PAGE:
The movie exceeded my expectations overwhelmingly. Could the battle scenes be a bit tighter? Probably. Would the movie be better as a single installment, rather than a clumsy half-slice? Definitely. But even with these drawbacks, Mockingjay Part 1 reigns as the best of The Hunger Games movie trilogy so far.


Thursday, November 20, 2014

Aaliyah: The Princess of R&B--a biopic

by Alyssa Couball, Writing Intern

The biopic, Aaliyah: The Princess of R&B, recently debuted on Lifetime. The entertainment industry is outraged by their depiction of the Princess. And sadly, based on distasteful acting, bad writing, and the absences of significant events and people, I agree. I get what they were going for. The two hour movie is supposed to honor the late singer. Lifetime and executive producer Wendy Williams, did not set out to disgrace the singer or her family. Unfortunately, they did.

The story launches in 1989, when the young Aaliyah, played by Alexandra Shipp, appeared on Star Search. The singer’s discouragement grows as she does not get picked. But with the help of her Uncle Rashad, a music producer--played by A.J. Saudin--she gets recognized. She shows off her talent to R&B singer R. Kelly, played by Cle Bennett. At first, he’s not interested in hearing some “kid.” But after hearing her voice, he falls in love with more than just her voice.

The 15­-year-­old Aaliyah and 27-­year-­old R. Kelly get married. But their marriage is cut short, as the two are forced to get an annulment, by the pop star’s pissed off parents. The dialogue between the singer and R. Kelly is super cheesy. Listening to the “babe” and “baby” became exasperating, and uncomfortable to watch.

Next, the movie delves into the late singer’s acting career. They touch briefly on one of the two movies she starred in. It was a little misleading because they failed to mention the movie where she alone shined in the spotlight, The Queen of the Damned. Similar could be said of how they treated her singing career. The movie did not touch on any of her most popular songs, such as “Rock the Boat,” “Try Again,” or “Miss You.” (editor’s note: there were issues with rights)

The actors portraying Timbaland and Missy Elliot are embarrassing to watch--comical. Now, I see why Timbaland threw some serious shade about the movie’s premiere.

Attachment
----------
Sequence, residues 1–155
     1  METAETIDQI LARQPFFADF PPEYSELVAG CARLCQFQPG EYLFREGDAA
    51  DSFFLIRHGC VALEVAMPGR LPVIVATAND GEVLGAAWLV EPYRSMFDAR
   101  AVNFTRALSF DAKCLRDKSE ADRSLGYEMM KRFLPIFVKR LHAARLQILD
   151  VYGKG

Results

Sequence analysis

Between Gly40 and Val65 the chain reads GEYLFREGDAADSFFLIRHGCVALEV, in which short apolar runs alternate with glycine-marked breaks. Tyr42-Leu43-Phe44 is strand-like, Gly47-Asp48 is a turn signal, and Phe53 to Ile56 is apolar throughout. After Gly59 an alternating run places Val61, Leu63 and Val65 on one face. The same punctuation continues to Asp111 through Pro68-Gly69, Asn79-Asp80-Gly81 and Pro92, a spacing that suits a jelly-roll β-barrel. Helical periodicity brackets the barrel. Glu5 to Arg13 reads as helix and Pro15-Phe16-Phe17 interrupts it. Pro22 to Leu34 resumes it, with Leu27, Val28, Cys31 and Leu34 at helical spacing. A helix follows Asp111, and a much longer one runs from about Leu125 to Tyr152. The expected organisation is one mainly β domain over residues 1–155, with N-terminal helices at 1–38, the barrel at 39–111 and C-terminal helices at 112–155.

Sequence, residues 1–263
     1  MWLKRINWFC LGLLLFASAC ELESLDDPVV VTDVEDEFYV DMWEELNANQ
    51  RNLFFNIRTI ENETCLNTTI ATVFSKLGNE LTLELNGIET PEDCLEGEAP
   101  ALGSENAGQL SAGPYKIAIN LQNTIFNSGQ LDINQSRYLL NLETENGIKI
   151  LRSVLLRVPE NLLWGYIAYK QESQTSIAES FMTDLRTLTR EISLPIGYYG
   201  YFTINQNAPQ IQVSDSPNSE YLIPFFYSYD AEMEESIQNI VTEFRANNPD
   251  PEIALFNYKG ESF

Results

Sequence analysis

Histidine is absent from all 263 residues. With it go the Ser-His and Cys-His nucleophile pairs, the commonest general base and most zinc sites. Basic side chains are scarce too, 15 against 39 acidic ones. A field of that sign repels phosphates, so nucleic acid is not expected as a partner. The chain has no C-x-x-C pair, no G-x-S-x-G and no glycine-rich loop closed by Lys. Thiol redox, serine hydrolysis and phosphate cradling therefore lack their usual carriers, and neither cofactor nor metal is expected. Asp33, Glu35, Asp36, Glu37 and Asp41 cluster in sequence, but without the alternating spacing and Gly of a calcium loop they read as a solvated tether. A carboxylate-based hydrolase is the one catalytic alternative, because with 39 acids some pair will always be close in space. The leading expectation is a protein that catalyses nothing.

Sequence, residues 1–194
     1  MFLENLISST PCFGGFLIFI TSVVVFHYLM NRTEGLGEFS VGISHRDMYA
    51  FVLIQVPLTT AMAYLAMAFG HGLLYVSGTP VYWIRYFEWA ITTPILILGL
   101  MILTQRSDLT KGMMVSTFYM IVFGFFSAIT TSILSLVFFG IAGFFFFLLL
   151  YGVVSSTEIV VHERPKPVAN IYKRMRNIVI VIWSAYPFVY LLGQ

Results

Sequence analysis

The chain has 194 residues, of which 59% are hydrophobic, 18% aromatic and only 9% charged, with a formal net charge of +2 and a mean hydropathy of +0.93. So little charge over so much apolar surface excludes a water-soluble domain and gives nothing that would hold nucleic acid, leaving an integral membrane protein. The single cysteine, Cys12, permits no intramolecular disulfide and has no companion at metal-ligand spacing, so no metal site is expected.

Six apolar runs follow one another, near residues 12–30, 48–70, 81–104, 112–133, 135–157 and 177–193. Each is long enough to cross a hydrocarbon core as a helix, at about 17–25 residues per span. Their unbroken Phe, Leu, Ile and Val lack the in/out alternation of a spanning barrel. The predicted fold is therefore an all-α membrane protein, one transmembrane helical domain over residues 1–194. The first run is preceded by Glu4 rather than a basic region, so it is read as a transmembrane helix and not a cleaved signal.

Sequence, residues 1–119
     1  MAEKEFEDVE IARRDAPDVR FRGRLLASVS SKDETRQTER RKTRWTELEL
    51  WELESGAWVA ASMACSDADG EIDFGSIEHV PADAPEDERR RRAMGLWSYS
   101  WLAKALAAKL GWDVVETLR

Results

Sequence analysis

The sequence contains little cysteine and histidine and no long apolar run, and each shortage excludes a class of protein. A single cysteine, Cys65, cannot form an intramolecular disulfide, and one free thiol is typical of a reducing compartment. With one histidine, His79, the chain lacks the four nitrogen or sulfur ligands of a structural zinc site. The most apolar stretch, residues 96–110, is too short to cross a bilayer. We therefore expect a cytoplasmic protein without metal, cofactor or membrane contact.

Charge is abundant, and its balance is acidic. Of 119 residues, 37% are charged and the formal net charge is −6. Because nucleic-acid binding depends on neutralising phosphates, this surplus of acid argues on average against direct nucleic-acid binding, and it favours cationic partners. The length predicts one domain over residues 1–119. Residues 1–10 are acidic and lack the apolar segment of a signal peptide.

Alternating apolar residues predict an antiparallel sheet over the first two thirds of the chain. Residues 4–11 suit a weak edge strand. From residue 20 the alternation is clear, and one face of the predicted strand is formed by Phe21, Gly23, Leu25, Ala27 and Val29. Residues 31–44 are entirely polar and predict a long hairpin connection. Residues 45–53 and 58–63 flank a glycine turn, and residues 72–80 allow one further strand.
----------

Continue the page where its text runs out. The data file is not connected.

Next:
In the end, she meets Damon Dash, played by Anthony Grant, and the two plan a
future together. However, their plans are cut short as the young singer dies in an airplane crash. But they don’t depict her death at all. Instead, text appears similar to these words: she dies, she will be remembered, yada, yada. The end.

Not good enough. 

The producers should have gone above and beyond here. Lifetime was NOT the right network to make this movie. MTV or another network or anyone else could’ve really nailed this. I don’t have anything positive to say about it. And based on the internets, no one has anything positive to say about it. I have five words for people thinking about watching it. Do NOT waste your time.

Wednesday, November 19, 2014

Charles White: Hanging Out with Whoopi and Cameron Diaz

In Episode 166, actor Charles White talks about . . . acting and singing and all sorts of goodness like advice from Whoopi Goldberg and buying steaks with Cameron Diaz. He also participates in the most perfect and tasteful sex joke ever. As always, the pre-show is FIYAH! And apparently Germar has one white toe because he's 5% white. It's a good one--a must listen.

Tuesday, November 18, 2014

Modern Family “Queer Eyes, Full Hearts” recap and review

Kayla Kenney, Writing Intern

After five years, the award-winning sitcom continues to keep their tale of three, intertwined, modern families both fresh and funny.

Cam & Mitch: Mitch (Jesse Tyler Ferguson) stumbles upon a reporter that he absolutely loves. However, the reporter absolutely loves that Cam (Eric Stonestreet) is an openly-gay, high school, football coach. Cam becomes self-absorbed in a pancake breakfast that the reporter takes an interest in. Meanwhile, Mitch, the lawyer, tries to win a case that actually means something.